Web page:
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Honoring the Legacy of Poet Lee Bennett Hopkins

This remembrance of the prolific and inspiring poet Lee Bennett Hopkins, who passed away in 2019, has been adapted from a letter Rebecca Davis, Editorial Director of Wordsong, wrote in support of Lee’s induction into the Florida Artists’ Hall of Fame in 2016.

Lee Bennett Hopkins

Lee Bennett Hopkins was, truly, the Pied Piper of Poetry. It would be hard to overestimate the impact he had on poetry for children. Throughout his career, he not only wrote brilliant poems, but his love for poetry, his enthusiasm, his high standards, his generosity, and his honesty sent ripples spreading ever outward to influence all corners of the field. His voice was a clarion call for more poetry, better poetry, poetry every day for children.

As a poet, Lee, of course, was a major talent. His finely tuned ear for sounds (“…a deluge / pounding down / sounding /…crouches…” from “Seattle Morning”) and for finding just the right word showed in his poetry. In 2016, he received the Regina Medal, which is “awarded annually to a living exemplar of the words of the English poet, Walter de la Mare ‘only the rarest kind of best in anything can be good enough for the young,’ for continued, distinguished contribution to children’s literature without regard to the nature of the contribution.” Other awards Lee won as a poet included the NCTE Award for Excellence in Poetry for Children and both the Christopher Award and a Golden Kite Honor Award for his autobiographical picture book written in verse, BEEN TO YESTERDAYS. He was also the author of three young adult novels and many important professional books, and he won the University of Southern Mississippi Medallion for “lasting contributions to children’s literature.”

Lee Bennett Hopkins
From A Bunch of Punctuation

Lee was recognized by the Guinness Book of World Records as the world’s most prolific anthologist of poetry for children; he had 113 anthologies published as of 2011. He compiled his anthologies carefully, blending new voices with classic ones that speak to children today as truly and beautifully as they did when the classics were first written. He arranged the poems so that the anthologies feel as if they have a beginning, middle, and end; this makes them especially engaging and satisfying. He selected poems that will speak directly to children at the same time capturing the wonder in our world. He said in an interview on the Poetry at Play website, “When I read a work and utter ‘oooohhh,’ I know in my soul it is a great poem. I’ve always gone on the ‘oooohhh’ factor when selecting work for a collection” Because of Lee’s impeccable taste, a poem that made him exclaim oooohhh, will have an “oooohhh factor” for readers, too.

Lee also put together numerous anthologies that are invaluable to teachers and librarians, giving them poems so that they can integrate poetry across the curriculum and truly make it a part of children’s everyday lives. To this end, he compiled anthologies on such subjects as math, science, American history, geography, inventors, famous Americans, etc. He also compiled the first I-Can-Read poetry anthologies.

Storyteller by Lee Bennett Hopkins
From Jumping Off Library Shelves

Further, his anthologies introduced many new poets to the field. It’s challenging to get published as a children’s poet. Because Lee was so generous as a mentor, he cultivated new talent and gave many poets their first opportunity to be published. By editing their work, by encouraging and challenging them, and including them in anthologies, he nurtured and taught a number of authors who themselves have gone on to make significant contributions to the world of children’s books—including Kristine O’Connell George and Rebecca Kai Dotlich, among others. One such poet once told me that there was no one as enthusiastic as Lee was when she nailed a poem, and no one as blunt as he was when she misfired. Lee’s high standards had an impact throughout the field of children’s poetry.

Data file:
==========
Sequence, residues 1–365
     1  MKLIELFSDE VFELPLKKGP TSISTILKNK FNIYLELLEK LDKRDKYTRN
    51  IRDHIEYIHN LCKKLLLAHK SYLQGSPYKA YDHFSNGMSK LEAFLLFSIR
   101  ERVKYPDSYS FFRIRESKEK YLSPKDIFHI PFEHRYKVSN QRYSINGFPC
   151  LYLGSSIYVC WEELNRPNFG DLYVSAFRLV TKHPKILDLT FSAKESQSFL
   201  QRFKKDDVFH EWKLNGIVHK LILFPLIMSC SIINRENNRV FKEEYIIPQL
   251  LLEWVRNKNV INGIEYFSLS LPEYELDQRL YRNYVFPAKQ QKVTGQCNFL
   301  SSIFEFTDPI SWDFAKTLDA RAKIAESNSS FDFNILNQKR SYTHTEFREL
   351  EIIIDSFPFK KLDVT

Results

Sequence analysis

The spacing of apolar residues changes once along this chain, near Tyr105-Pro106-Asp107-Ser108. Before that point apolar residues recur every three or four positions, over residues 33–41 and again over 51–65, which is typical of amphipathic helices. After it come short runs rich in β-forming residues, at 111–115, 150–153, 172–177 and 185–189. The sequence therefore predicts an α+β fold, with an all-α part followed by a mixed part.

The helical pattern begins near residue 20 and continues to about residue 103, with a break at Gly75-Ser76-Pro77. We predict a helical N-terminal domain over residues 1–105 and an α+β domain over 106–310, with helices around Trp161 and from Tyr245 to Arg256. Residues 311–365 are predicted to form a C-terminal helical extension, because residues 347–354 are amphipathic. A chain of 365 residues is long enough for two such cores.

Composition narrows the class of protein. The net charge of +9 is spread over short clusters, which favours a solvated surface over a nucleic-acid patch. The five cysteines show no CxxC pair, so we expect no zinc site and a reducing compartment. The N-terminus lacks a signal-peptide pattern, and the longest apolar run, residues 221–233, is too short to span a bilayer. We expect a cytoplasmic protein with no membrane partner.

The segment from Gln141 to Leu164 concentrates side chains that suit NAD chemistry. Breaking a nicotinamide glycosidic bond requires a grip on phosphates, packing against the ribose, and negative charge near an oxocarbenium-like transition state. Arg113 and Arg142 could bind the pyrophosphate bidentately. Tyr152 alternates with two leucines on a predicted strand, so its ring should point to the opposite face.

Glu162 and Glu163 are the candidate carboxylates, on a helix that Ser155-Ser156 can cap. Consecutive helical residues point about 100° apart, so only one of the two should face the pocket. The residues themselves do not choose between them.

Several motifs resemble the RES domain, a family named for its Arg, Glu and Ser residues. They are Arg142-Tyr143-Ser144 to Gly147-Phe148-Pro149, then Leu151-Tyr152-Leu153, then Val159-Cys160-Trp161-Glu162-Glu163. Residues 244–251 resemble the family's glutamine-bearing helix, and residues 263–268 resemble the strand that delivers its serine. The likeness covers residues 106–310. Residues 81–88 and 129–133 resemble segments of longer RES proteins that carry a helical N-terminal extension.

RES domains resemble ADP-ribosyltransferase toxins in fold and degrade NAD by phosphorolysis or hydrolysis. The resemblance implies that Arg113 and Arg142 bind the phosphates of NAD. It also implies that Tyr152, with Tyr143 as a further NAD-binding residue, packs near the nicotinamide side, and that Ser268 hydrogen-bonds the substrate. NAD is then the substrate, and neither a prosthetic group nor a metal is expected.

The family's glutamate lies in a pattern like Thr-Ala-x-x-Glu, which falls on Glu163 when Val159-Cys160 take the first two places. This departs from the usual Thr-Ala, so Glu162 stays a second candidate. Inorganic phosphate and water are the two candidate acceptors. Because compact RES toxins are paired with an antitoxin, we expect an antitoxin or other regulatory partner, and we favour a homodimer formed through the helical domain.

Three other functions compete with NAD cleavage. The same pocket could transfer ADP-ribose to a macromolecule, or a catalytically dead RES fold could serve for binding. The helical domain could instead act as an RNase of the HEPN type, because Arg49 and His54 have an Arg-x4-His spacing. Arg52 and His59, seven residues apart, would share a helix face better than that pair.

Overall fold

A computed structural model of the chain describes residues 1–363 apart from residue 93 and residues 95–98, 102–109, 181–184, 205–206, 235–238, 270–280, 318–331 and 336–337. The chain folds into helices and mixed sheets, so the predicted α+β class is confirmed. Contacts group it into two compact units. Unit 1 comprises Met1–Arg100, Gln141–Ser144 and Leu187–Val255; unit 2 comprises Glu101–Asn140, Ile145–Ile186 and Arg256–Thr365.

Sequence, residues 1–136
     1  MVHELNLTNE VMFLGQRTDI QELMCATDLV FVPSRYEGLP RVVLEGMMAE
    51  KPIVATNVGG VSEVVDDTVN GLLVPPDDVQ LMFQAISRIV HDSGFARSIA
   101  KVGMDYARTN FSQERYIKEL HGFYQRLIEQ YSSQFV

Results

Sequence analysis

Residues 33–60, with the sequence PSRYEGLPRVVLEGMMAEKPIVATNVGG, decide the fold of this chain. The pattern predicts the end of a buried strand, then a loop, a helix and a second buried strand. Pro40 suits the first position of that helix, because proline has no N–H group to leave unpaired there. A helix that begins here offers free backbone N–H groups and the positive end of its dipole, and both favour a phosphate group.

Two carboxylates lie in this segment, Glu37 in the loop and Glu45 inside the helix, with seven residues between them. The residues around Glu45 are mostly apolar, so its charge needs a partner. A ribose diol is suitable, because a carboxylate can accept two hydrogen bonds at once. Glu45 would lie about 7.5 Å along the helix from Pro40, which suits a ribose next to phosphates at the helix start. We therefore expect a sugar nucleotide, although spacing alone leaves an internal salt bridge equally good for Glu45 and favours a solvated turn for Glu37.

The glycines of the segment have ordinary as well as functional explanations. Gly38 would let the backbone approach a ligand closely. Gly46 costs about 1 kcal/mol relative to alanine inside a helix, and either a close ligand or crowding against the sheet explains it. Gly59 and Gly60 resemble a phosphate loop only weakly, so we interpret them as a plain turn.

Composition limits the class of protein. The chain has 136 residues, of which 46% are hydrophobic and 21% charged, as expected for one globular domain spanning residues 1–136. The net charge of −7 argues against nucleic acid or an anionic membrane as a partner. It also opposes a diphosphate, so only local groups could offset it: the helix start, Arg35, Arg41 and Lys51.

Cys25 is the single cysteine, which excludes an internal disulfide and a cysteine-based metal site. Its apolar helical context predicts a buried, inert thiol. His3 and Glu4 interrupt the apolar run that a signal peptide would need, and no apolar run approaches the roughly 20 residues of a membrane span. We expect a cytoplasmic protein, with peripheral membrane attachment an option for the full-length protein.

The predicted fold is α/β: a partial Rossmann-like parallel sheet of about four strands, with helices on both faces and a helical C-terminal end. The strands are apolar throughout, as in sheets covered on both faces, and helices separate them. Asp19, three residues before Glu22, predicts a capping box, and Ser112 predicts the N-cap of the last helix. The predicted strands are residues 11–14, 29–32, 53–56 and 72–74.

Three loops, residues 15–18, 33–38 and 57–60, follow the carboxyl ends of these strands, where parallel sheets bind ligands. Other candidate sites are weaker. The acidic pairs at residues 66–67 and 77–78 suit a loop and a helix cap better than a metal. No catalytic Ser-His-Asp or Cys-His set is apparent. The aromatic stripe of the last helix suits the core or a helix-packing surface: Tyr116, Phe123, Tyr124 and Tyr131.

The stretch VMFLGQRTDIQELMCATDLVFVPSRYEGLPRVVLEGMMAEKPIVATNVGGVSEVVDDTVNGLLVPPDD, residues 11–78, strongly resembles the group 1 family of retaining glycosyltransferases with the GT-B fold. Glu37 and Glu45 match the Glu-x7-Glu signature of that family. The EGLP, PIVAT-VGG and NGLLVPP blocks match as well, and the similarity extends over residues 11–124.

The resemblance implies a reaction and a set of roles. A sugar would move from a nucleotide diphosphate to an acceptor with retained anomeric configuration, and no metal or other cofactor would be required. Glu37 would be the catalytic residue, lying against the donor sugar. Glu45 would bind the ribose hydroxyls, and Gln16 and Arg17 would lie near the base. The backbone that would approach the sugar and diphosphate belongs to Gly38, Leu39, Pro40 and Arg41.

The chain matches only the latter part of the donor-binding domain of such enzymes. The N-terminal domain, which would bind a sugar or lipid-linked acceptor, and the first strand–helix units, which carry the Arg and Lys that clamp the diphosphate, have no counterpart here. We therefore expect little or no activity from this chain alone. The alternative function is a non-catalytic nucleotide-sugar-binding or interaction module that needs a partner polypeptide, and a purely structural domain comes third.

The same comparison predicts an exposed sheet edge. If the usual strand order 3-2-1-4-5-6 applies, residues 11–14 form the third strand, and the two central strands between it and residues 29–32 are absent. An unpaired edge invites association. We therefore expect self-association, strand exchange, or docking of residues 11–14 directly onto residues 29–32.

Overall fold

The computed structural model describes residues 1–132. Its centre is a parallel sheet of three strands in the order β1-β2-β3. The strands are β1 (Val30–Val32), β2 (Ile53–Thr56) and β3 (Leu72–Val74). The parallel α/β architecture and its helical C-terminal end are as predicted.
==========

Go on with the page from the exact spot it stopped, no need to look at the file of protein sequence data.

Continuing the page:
Lee also influenced the field by establishing three awards for children’s poets. In 1993, he joined forces with the Pennsylvania State University Libraries, the Pennsylvania Center for the Book, and the Pennsylvania School Librarians Association to create the Lee Bennett Hopkins Poetry Award, which is presented annually to an American poet or anthologist for the most outstanding new book of children’s poetry published in the previous year. Then, in 1995, once again focusing on fostering new talent, the Lee Bennett Hopkins/IRA Promising Poet Award was given for the first time. This award is presented every three years to a promising new talent in children’s poetry.

As Janet Wong and Rebecca Kai Dotlich said in their profile of Lee for his NCTE Award for Excellence in Poetry for Children, “No one has worked harder to recognize and promote children’s poetry in America. There are only four major American Awards for Children’s Poets, and two of them bear his name.” The latest award he created will be presented every three years to a deserving poet for an original collection or anthology of poetry for children or young adults published in English by a member of the Society of Children’s Book Writers and Illustrators, a major international organization dedicated to the creators of young people’s literature.

In addition, Lee created the Lee Bennett Hopkins Poetry Award for Young People, which will provide cash prizes for winners of the annual Florida State Poets Association contest for students in grades 6-12. 

As a poet, an anthologist, and a mentor to poets and editors, Lee contributed to the field of children’s poetry immeasurably. He offered a world of information and wonder in the books he has written and in his anthologies. 

Lee was a gift to us all.